Beyond Good and Evil HTML version

indeed be great--it is well known that Schopenhauer also was unsuccessful in his efforts;
and whoever has thoroughly realized how absurdly false and sentimental this proposition
is, in a world whose essence is Will to Power, may be reminded that Schopenhauer,
although a pessimist, ACTUALLY--played the flute . . . daily after dinner: one may read
about the matter in his biography. A question by the way: a pessimist, a repudiator of
God and of the world, who MAKES A HALT at morality--who assents to morality, and
plays the flute to laede-neminem morals, what? Is that really--a pessimist?
187. Apart from the value of such assertions as "there is a categorical imperative in us,"
one can always ask: What does such an assertion indicate about him who makes it? There
are systems of morals which are meant to justify their author in the eyes of other people;
other systems of morals are meant to tranquilize him, and make him self-satisfied; with
other systems he wants to crucify and humble himself, with others he wishes to take
revenge, with others to conceal himself, with others to glorify himself and gave
superiority and distinction,--this system of morals helps its author to forget, that system
makes him, or something of him, forgotten, many a moralist would like to exercise power
and creative arbitrariness over mankind, many another, perhaps, Kant especially, gives us
to understand by his morals that "what is estimable in me, is that I know how to obey--
and with you it SHALL not be otherwise than with me!" In short, systems of morals are
188. In contrast to laisser-aller, every system of morals is a sort of tyranny against
"nature" and also against "reason", that is, however, no objection, unless one should again
decree by some system of morals, that all kinds of tyranny and unreasonableness are
unlawful What is essential and invaluable in every system of morals, is that it is a long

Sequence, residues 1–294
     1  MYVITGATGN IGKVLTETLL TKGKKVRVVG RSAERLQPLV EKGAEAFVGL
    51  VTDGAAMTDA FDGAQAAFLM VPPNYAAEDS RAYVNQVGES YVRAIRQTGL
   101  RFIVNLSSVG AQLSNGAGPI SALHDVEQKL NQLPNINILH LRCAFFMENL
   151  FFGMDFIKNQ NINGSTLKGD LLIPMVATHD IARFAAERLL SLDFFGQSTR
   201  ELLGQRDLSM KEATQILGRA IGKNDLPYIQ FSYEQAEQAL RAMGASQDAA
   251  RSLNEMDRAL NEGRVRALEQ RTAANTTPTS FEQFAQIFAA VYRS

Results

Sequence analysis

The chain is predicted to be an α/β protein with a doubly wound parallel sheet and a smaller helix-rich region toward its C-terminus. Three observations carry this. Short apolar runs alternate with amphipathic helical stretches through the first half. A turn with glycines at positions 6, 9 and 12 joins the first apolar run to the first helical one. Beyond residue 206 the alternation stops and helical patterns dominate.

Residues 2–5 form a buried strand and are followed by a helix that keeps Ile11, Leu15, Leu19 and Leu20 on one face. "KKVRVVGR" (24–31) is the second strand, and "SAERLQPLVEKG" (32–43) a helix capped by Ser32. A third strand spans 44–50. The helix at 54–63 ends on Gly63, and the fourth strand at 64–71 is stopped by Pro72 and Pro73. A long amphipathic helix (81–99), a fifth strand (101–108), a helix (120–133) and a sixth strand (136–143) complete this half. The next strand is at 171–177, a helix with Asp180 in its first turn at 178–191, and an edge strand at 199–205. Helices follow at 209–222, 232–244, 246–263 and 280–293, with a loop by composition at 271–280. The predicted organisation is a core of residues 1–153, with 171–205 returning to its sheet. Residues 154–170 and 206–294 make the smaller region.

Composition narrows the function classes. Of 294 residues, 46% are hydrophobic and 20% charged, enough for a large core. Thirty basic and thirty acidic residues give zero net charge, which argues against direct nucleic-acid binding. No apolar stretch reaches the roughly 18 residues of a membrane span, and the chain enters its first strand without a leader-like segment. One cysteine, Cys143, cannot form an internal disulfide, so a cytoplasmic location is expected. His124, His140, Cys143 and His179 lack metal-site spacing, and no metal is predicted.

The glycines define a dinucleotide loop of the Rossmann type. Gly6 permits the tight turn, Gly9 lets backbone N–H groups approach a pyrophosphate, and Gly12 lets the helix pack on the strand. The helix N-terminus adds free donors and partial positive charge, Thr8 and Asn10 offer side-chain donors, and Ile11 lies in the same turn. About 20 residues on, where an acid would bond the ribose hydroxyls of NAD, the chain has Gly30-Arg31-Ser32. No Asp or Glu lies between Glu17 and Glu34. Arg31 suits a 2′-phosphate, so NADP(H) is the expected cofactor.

constraint. In order to understand Stoicism, or Port Royal, or Puritanism, one should
remember the constraint under which every language has attained to strength and
freedom--the metrical constraint, the tyranny of rhyme and rhythm. How much trouble
have the poets and orators of every nation given themselves!--not excepting some of the
prose writers of today, in whose ear dwells an inexorable conscientiousness-- "for the
sake of a folly," as utilitarian bunglers say, and thereby deem themselves wise--"from
submission to arbitrary laws," as the anarchists say, and thereby fancy themselves "free,"
even free-spirited. The singular fact remains, however, that everything of the nature of
freedom, elegance, boldness, dance, and masterly certainty, which exists or has existed,
whether it be in thought itself, or in administration, or in speaking and persuading, in art
just as in conduct, has only developed by means of the tyranny of such arbitrary law, and
in all seriousness, it is not at all improbable that precisely this is "nature" and "natural"--
and not laisser-aller! Every artist knows how different from the state of letting himself
go, is his "most natural" condition, the free arranging, locating, disposing, and
constructing in the moments of "inspiration"--and how strictly and delicately he then
obeys a thousand laws, which, by their very rigidness and precision, defy all formulation
by means of ideas (even the most stable idea has, in comparison therewith, something
floating, manifold, and ambiguous in it). The essential thing "in heaven and in earth" is,
apparently (to repeat it once more), that there should be long OBEDIENCE in the same
direction, there thereby results, and has always resulted in the long run, something which
has made life worth living; for instance, virtue, art, music, dancing, reason, spirituality--